Rage is a big factor. Even without ideology, rage can cause people to break things. Now I am referring to the not-so-strongly politicised masses outraged by the killing of the boy (and more...) I saw early videos of schoolchilrden throwing stones at policemen and yelling at them for killing this boy - are these organised anarchists or brainless vandals? None of these - naturally the police would be the first target of the rage. One facebook poster mentions that a relative who was a policeman quit soon after the incident, embarassed to be a member of an institution who behaves so brutishly. There are debates about whether there are honest policemen or not - this is beside the point. The honest ones should have quit their jobs, or refused to participate in stifling the demonstrations (at the risk of losing their jobs). Psychologically, it takes an inclination to violence to be an efficient cop.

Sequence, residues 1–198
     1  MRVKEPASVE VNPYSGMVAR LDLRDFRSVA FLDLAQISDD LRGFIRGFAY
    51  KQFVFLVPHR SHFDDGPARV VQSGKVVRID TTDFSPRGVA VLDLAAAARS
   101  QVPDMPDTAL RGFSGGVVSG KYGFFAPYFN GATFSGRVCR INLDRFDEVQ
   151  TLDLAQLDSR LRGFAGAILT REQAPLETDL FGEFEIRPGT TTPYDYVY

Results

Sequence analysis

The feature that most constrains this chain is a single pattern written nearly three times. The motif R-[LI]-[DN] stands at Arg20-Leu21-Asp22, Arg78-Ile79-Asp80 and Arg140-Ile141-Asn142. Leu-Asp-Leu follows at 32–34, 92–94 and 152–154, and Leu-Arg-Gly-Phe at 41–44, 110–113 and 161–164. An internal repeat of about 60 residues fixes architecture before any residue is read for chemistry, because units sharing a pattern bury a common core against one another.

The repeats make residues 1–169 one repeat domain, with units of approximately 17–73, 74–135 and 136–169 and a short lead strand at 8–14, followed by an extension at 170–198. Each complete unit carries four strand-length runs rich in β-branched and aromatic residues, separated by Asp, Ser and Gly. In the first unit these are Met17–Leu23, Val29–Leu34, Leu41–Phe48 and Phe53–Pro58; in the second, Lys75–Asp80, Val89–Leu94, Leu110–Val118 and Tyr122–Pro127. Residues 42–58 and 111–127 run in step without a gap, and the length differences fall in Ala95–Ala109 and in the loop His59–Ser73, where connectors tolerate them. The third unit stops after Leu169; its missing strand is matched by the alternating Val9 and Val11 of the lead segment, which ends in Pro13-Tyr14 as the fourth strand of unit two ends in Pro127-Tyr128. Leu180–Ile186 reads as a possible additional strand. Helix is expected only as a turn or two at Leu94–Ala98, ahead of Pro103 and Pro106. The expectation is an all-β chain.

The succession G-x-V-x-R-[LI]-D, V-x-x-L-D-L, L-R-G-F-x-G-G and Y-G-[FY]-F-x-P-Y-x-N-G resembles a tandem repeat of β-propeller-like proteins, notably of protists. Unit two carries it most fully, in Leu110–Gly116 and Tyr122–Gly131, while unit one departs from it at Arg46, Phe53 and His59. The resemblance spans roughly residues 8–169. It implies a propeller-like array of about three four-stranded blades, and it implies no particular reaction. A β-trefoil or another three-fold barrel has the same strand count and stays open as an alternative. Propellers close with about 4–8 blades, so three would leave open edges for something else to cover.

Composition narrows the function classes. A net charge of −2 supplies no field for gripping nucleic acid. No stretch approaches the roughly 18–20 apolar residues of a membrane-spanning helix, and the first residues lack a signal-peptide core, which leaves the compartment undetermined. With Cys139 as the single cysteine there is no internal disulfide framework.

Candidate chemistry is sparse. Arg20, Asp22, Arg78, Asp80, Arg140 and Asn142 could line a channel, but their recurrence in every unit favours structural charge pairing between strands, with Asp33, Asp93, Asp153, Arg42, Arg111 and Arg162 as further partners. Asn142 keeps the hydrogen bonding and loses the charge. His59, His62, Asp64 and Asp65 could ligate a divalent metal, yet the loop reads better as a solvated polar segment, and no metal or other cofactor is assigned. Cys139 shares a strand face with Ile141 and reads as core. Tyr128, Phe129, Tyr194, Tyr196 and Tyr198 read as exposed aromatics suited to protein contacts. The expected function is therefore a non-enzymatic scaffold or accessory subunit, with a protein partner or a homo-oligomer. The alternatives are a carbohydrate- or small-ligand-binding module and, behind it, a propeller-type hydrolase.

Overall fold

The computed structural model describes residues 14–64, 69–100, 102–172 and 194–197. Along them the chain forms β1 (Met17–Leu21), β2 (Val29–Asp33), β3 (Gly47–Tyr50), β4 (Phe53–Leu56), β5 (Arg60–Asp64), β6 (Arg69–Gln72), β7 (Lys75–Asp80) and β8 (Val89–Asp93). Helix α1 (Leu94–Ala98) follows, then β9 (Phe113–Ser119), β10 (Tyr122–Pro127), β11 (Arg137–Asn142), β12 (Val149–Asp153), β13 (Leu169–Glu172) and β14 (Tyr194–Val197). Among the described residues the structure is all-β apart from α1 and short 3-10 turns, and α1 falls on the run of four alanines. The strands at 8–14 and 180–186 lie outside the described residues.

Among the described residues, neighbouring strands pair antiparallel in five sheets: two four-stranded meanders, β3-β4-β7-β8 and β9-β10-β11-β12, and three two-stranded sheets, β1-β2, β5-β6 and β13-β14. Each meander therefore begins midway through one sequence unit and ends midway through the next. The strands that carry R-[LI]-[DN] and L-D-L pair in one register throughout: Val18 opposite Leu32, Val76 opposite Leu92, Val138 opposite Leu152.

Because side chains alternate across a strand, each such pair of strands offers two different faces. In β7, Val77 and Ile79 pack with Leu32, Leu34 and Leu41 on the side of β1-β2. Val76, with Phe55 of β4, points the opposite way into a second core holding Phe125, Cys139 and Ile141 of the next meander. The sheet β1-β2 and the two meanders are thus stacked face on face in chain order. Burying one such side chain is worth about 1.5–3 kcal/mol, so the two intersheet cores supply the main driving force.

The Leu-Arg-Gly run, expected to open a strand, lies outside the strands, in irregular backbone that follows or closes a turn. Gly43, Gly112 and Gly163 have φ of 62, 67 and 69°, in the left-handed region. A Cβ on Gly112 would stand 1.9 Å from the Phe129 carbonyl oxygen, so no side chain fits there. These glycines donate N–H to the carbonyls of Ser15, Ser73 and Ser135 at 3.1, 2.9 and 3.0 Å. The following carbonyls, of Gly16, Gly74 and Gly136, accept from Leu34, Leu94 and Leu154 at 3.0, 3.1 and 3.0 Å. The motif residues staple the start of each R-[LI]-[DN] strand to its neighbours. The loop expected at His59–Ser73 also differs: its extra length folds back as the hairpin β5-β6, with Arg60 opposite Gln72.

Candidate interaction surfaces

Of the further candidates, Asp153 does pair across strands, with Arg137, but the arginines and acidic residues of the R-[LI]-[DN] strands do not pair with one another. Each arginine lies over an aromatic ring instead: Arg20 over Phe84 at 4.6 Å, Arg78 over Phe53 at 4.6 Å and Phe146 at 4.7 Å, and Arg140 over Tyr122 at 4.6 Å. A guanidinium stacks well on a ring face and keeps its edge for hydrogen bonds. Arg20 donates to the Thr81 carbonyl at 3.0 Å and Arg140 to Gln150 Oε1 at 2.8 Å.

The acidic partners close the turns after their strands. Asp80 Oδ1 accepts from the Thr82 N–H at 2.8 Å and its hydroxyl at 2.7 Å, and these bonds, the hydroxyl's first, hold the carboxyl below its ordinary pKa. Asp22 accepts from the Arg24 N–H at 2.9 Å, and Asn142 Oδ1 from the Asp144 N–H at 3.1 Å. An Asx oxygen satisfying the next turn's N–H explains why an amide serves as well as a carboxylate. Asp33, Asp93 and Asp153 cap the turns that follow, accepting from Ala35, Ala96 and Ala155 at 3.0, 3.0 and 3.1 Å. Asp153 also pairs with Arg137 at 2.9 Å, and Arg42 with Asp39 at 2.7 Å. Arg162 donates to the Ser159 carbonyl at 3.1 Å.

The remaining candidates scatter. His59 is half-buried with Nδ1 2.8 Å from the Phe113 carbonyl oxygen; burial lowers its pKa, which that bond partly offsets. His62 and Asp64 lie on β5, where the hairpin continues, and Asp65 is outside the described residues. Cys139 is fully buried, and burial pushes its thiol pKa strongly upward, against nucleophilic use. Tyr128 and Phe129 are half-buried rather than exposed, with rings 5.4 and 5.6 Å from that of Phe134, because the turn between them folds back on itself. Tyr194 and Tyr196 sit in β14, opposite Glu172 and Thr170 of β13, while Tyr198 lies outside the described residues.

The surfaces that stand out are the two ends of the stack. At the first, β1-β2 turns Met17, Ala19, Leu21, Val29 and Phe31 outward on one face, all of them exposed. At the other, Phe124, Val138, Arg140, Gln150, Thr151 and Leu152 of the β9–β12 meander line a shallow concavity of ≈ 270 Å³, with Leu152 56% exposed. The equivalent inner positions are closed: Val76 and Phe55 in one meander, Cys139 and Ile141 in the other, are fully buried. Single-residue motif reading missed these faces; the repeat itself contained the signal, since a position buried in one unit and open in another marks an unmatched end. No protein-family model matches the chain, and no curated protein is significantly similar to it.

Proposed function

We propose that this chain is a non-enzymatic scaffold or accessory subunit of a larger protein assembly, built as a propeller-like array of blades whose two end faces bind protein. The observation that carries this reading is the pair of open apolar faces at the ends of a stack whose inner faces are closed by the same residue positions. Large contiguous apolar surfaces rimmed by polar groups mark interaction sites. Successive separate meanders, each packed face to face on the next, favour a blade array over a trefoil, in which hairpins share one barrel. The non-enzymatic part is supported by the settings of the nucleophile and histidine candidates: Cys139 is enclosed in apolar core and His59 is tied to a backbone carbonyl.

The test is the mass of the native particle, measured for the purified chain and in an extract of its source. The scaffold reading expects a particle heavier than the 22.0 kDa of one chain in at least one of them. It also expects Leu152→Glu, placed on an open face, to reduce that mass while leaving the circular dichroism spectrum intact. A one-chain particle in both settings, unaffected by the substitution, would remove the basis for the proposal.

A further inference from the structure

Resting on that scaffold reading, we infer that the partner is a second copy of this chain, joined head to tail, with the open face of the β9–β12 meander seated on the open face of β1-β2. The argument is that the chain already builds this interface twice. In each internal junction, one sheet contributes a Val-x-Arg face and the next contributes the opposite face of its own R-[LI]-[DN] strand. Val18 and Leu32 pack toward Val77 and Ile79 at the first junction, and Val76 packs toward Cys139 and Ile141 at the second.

Fights with civilians again include fighting with plain clothes policemen, fascists and provocators. But sadly there are also reports of attempts to lynch 'anarchists', the anarchist being any unsuspecting passer by or teenage protester. Witch hunting. These angry mobs may not necessarily be well-indoctrinated fascists, but are definitely influenced by the ideologies depicting anarchists and leftists as trouble makers, worrying about their shops more than the state of their country and possibly fearing for their lives for no reason - but brainwahsed by the sense of danger pushed forward by the government and the media.

Questions about unanimity and heterogeneity of the protest are raised once again. But the protests are continuing for a second week and they are clearly not the isolated efforts of scattered groups of anarchists and/or 'troublemakers', however defined. There is more to it than that.